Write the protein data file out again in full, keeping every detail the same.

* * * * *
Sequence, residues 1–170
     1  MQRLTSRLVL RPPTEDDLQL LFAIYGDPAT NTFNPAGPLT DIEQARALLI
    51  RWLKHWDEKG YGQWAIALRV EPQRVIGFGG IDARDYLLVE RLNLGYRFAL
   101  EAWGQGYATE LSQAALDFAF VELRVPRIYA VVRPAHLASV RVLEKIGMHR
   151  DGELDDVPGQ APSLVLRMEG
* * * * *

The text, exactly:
Sequence, residues 1–170
     1  MQRLTSRLVL RPPTEDDLQL LFAIYGDPAT NTFNPAGPLT DIEQARALLI
    51  RWLKHWDEKG YGQWAIALRV EPQRVIGFGG IDARDYLLVE RLNLGYRFAL
   101  EAWGQGYATE LSQAALDFAF VELRVPRIYA VVRPAHLASV RVLEKIGMHR
   151  DGELDDVPGQ APSLVLRMEG